In December 1964, the largest flood in the modern history of the Eel River caused what biologists refer to as a “mass wasting event.” It was another case of North Coast ecosystems’ sacrifice on the altar of reckless expansion elsewhere in the state. Clear-cut logging throughout the Eel River system had fueled the suburban construction boom in Los Angeles and the San Francisco Bay Area. The reckless logging had left deforested soils to run off into the river channel, with hundreds of miles of temporary roads also contributing to the problem. The Army Corps attempted to justify the construction of the Dos Rios Dam for flood control. However, among all the proposed dams on the Eel River, Dos Rios would have the lowest impact on flood control. The moral of the story: natural disasters create huge new political openings. Nowadays, California’s water infrastructure boosters are saying this new set of proposals are the answer to the state’s water supply problem. Of course, California’s existing reservoirs sit empty in large part due to the loss of snow melt, not capacity problems; climate change is a huge new factor in all of this. Of course, the odds that any of the abandoned projects I’ve mentioned in this piece will be revived any time soon are slim. But if dams become a popularly supported political solution to the state’s water woes, it remains to be seen which seeming relics from the past the water boosters will dust off.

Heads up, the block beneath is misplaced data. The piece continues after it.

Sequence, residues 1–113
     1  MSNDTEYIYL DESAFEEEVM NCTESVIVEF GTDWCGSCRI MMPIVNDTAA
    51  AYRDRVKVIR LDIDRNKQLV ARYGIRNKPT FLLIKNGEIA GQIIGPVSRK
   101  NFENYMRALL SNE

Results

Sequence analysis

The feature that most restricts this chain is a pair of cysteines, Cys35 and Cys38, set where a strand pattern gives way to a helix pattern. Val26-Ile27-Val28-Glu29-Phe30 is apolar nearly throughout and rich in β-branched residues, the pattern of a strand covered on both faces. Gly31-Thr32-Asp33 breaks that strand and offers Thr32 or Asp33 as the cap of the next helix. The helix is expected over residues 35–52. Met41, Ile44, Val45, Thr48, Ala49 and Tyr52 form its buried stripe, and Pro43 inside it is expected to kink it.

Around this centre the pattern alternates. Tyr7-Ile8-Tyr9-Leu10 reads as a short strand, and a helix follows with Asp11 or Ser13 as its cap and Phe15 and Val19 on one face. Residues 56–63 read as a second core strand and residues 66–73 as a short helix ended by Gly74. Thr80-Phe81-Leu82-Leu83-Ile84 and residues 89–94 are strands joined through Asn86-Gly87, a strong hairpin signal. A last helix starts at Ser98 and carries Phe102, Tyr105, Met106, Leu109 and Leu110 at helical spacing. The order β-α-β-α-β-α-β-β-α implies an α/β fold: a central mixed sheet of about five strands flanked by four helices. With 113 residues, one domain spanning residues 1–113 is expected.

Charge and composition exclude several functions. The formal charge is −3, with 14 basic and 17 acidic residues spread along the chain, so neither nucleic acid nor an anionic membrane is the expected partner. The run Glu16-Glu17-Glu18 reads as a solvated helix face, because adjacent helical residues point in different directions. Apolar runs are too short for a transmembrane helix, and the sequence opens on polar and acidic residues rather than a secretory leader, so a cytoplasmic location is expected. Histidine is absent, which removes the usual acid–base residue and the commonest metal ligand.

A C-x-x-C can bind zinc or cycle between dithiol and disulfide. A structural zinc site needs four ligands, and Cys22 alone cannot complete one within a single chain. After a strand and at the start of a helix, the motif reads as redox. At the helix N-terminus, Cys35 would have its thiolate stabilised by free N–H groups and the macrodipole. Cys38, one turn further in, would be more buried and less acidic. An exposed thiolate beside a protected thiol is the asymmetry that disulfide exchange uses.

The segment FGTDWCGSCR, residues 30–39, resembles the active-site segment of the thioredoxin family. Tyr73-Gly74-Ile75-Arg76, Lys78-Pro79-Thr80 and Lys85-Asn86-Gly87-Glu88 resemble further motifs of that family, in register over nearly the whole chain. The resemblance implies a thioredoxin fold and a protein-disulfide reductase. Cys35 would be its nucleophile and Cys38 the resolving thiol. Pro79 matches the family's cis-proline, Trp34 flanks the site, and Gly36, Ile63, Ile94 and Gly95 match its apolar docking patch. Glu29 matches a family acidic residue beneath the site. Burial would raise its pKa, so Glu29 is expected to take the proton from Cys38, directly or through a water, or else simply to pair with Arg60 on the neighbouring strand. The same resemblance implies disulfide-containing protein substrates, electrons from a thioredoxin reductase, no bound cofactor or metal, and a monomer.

Originally published in the Anderson Valley Advertiser.

Additional information on the proposed Sites Reservoir, or “North of the Delta Offstream Storage” (NODOS) from the Bureau of Reclamation.